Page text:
Rachel Gray `15
A Day in Montreal
This past weekend a group of us from the Sinai Scholars class went to Montreal to visit a girl’s seminary school, see a mikvah, and of course go to a kosher pizza and falafel restaurant appropriately named Pita Pizza. I spent a grand total of 7 hours in car, squished in the middle between two upperclassmen (I am a freshman and therefore have no say in where I sit), to do about 4 hours worth of activities (2 of those activities revolved around eating). After 7 hours in that car, I still had no complaints.
The day in Montreal was truly awesome for a variety of reasons. I think my favorite part was seeing Rabbi Gray with his family. During class Rabbi is not necessarily serious, but he is first and foremost a teacher. He engages us in discussion about the 10 commandments and shares his extensive knowledge of the Torah with the class. In Montreal, however, I saw Rabbi Gray as a father and husband, revealing him in a different light. His kids are adorable and seeing Rabbi and Chani interact with them really just made appreciate the beauty of a family. Rabbi Gray also seemed totally in his element with his family, and because of that I felt more at ease than when I am in the classroom (that isn’t to say that I am a mess in class – class is actually quite enjoyable).
I also really enjoyed learning about the mikvah and listening to Rabbi New discuss the act of not touching other women. When Rabbi Nu told us that by not touching women other than his wife, he was able to engage in purely intellectual relationships with other women, I thought, “He is so right!” I find that touch between sexes always complicates matters and blurs the lines between being friends and more than friends. His take on reasons for not touching other women was refreshing and gave an explanation to a cultural practice I never quite understood. With regards to the mikvah, although I do not know whether I would or could even be able to take part in the practice of using a mikvah and leaving my husband for a period of days, it definitely made sense. What I found inspiring about Rabbi New’s talk was learning how important marriage is to the Jewish faith.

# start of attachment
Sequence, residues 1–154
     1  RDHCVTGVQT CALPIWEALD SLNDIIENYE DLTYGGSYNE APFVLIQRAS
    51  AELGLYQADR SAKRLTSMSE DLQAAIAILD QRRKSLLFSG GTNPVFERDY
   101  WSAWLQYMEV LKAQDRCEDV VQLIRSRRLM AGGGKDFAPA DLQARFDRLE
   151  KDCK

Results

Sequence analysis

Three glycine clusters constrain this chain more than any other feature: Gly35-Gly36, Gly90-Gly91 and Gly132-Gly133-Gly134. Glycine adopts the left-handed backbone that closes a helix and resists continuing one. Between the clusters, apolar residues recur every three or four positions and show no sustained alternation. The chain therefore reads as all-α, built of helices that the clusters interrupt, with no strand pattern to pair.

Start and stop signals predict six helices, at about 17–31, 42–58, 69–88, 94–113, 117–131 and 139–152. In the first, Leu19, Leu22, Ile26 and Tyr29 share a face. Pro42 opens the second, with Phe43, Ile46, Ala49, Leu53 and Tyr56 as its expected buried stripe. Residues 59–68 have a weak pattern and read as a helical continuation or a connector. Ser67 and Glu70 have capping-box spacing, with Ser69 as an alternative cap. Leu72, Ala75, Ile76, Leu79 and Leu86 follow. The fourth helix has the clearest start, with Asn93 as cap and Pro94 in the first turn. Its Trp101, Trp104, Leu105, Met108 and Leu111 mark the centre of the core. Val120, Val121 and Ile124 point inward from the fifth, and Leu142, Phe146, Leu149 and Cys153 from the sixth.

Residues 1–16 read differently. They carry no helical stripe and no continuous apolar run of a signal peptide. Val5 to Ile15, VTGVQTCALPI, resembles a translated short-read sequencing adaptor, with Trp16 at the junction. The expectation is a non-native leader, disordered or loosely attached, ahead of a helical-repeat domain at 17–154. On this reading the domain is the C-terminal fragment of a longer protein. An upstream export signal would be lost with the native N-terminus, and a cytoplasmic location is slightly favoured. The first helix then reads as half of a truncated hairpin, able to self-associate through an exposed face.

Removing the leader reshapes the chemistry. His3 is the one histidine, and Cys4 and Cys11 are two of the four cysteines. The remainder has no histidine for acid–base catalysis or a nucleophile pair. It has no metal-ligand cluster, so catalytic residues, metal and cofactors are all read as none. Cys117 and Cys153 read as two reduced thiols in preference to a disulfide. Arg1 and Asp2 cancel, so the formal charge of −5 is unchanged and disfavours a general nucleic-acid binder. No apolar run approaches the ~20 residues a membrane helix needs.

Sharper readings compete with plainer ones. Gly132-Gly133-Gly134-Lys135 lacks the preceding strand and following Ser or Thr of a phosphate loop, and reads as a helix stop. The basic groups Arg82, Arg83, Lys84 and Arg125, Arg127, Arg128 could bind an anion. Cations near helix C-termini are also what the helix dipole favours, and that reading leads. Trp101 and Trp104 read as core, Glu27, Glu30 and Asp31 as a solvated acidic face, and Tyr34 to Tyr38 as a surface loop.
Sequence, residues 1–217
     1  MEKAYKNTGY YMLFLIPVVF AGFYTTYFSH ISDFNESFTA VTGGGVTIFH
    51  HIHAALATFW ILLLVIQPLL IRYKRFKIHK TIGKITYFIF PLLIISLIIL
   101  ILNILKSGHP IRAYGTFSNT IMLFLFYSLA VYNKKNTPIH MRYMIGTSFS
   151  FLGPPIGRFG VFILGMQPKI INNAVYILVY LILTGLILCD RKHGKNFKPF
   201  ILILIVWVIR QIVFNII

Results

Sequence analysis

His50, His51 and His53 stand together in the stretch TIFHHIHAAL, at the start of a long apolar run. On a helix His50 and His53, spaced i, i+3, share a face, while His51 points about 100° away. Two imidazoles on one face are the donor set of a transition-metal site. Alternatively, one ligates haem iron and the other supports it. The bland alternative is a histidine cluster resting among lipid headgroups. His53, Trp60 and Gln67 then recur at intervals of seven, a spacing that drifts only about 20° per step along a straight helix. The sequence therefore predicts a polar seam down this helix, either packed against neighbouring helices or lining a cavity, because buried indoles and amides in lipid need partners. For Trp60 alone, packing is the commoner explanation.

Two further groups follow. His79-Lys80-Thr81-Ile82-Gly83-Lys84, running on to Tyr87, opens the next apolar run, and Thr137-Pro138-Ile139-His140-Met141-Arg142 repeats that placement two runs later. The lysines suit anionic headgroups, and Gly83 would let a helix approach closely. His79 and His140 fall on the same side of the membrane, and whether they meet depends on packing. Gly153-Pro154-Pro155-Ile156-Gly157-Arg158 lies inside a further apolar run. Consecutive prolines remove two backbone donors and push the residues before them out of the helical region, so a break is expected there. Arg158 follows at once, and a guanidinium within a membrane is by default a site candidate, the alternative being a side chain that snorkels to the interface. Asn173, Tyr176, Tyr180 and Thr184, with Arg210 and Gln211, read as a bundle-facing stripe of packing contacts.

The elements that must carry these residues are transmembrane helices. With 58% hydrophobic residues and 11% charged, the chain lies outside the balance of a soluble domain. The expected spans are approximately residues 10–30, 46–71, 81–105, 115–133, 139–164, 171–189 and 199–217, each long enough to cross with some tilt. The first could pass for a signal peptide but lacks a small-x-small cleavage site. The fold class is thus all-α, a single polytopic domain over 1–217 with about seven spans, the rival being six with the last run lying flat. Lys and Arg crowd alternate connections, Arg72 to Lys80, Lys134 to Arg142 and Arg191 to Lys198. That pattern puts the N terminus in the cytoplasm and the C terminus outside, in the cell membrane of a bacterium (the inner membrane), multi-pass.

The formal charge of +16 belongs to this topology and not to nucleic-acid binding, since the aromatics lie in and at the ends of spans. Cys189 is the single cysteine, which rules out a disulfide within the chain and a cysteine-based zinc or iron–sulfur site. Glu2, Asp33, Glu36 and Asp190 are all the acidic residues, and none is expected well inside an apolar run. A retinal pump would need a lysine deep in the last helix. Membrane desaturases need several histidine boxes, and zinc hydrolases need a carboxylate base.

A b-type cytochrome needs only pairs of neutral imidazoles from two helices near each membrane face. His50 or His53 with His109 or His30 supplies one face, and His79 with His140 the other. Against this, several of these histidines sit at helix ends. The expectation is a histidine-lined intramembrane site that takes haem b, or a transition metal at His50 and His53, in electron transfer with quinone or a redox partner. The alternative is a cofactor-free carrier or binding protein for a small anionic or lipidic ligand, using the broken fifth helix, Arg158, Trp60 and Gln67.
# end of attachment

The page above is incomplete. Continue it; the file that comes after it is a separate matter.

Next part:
A lot of the trip also consisted of me learning reasons for and clarifying misconceptions I had regarding certain cultural practices. I appreciated learning about the kosher laws and the reasons behind them. I also really enjoyed talking with the girls at the seminary about marriage. I was relieved to learn that being set up on a date did not necessarily mean you had to marry each other and that an “arranged marriage” did not imply an “against your will” marriage. It was also interesting to compare my experience with boys with the seminary girls’ experience with boys. I do not think I would enjoy being in a seminary, but to a certain extent I found myself thinking that these girls knew how to date. In my experience, girls generally date for marriage while boys (at least in college) do not. People in college and I think throughout life enter relationships with aspirations different from their partner’s. I feel that the partnerships of these girls could be more successful because there is an explicit and intended goal for dating each other that we do not necessarily acknowledge when dating in our society.
Overall, the trip to Montreal was a really fun. Spending that much time in a confined space with people lends itself to making friends. After having gone to Montreal, I feel more comfortable in the classroom because I now consider most of the students as friends in addition to peers.